Leading supplier of chip-making equipment, ASML, has announced that is expects demand in the memory sector to be weak in 2013, despite a rise in NAND memory prices in recent weeks.
Peter Wennink, chief financial officer, told a conference organised by Morgan Stanley that the outlook for memory chips for 2013 was "a pretty dire picture".
Wennink said he was not counting on any uptick in NAND memory, yet the company will build buffers to hedge for any potential upside.
Demand in the logic chip industry would remain strong, stated Wennink, adding that next year would be second-half weighted due to expansion in the 28 nanometer node and demand for equipment for the ramp-up to 20 nanometer in 2014.
"There is no doubt in our minds that there is going to be any backtracking on current plans" he said. Chipmakers are set to start producing even thinner 14 nanometer microprocesses in the near future. These will require less voltage to function and also less power.
Wennink stated: “We see 2013 (as) memory very weak, logic and microprocessors strong.”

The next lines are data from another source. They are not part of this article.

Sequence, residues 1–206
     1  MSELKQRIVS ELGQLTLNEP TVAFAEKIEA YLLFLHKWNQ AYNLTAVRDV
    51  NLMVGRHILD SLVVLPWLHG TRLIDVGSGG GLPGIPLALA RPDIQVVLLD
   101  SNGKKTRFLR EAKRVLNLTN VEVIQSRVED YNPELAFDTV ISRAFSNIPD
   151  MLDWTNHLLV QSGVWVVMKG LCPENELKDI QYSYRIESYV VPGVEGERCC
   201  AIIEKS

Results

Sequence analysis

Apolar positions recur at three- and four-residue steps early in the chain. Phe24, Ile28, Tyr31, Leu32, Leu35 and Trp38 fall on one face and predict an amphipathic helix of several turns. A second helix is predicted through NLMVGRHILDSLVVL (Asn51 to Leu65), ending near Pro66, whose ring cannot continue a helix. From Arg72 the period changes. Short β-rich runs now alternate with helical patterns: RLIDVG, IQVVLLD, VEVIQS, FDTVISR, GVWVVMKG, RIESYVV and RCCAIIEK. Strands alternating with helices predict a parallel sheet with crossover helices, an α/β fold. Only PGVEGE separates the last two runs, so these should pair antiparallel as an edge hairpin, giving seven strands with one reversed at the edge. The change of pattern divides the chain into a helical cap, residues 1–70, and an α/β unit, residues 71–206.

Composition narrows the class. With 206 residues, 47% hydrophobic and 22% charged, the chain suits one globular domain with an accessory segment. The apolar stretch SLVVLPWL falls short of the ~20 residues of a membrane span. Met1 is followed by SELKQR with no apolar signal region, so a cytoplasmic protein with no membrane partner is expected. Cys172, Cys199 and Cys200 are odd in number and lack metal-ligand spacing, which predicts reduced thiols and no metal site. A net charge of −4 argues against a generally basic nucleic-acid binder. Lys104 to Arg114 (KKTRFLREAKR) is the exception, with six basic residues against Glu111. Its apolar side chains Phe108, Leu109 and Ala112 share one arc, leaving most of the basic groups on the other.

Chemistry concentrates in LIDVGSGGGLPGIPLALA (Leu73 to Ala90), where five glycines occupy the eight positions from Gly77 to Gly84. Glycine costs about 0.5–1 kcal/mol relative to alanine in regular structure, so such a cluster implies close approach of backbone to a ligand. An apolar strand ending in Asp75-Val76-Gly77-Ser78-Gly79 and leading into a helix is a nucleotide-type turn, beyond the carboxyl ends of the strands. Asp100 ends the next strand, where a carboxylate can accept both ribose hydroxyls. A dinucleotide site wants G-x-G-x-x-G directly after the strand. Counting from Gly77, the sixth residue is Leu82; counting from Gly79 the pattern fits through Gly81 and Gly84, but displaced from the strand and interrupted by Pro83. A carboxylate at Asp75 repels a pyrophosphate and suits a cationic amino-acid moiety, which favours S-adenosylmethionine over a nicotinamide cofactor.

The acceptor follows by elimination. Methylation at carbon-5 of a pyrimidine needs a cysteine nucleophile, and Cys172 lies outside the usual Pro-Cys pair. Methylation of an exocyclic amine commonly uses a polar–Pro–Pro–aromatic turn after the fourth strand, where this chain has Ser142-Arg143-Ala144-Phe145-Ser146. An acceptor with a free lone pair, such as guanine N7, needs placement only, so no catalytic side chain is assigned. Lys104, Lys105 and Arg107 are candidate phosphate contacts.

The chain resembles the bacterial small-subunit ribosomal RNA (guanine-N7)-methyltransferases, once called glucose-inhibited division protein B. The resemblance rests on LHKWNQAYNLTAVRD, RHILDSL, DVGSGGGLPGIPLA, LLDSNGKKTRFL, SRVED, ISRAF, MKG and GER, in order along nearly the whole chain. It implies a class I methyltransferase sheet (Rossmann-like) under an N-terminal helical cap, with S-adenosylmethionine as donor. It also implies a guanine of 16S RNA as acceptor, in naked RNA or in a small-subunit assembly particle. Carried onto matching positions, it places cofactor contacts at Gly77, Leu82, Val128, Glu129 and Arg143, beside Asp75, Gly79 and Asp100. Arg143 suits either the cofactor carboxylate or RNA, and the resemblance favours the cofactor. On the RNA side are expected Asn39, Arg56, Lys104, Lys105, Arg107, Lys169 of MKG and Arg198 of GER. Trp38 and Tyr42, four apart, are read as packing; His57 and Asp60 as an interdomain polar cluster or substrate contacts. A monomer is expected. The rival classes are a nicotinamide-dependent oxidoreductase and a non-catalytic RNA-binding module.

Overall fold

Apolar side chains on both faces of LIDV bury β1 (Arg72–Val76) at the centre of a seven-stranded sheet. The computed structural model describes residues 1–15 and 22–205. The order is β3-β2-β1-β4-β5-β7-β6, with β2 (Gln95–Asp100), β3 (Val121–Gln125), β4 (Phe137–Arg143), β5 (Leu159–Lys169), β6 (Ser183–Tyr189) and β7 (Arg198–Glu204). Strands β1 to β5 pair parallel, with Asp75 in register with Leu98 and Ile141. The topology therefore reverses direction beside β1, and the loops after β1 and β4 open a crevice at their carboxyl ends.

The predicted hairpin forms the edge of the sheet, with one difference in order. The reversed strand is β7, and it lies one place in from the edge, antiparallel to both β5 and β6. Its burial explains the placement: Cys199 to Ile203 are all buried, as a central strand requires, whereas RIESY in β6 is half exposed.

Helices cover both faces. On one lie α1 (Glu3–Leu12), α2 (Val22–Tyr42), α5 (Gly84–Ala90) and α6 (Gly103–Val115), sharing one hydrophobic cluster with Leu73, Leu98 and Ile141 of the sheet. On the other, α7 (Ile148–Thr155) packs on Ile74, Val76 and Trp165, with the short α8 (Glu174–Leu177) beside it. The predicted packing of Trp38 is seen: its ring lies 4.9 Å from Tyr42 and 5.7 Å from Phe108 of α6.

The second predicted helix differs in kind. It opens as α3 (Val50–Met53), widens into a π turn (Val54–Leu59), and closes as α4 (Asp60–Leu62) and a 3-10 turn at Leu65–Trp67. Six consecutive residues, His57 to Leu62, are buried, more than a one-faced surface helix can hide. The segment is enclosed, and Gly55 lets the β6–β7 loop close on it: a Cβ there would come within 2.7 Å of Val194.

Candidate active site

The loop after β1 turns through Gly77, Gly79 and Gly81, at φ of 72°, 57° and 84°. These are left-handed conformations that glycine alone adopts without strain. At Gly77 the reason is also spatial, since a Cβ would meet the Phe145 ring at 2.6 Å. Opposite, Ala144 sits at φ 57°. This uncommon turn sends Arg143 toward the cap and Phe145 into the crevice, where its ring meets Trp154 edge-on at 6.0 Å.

Demand for memory is constrained by a weakening PC market and by tablet makers using memory as a price differentiator.
"The price difference between a 16GB tablet and 32GB tablet is $100, but the cost of the additional 16GB is a fraction (of that)," Wennink said.
Demand for DRAM memory would be lifted by mobile, which consists of just over 15 per cent of the market, but it would be a medium-term trend.
“There will be an acceleration in DRAM in the next couple of years, but the big question is when will that turning point be? It is definitely not 2013. Anywhere between two and four years we hope to see something.”
Morgan Stanley analysts have calculated that DRAM currently represents a mere 2 per cent of ASML's backlog, reducing the downside for the company from the bleak outlook for the memory sector.
Wennink remains confident that ASML's plan to buy Cymer Inc, a supplier of lithography light sources used to make chips, will be cleared by competition authorities.
The Dutch company said last month that the €1.95bn ($2.5bn) deal would speed up the development of extreme ultraviolet (EUV) semiconductor lithography, which will help produce chips to power future generations of smartphones and tablet computers.
ASML needed to own the US group to overcome legal and contractual obstacles that were hampering attempts to develop newer, smaller chips, Wennink stated. "We do this for the industry (and) for the end consumer, and from a regulatory point of view that will weigh very heavily."
Shares in ASML were down 2.2 per cent at 1141 GMT, underperforming a 0.8 per cent weaker index of European technology companies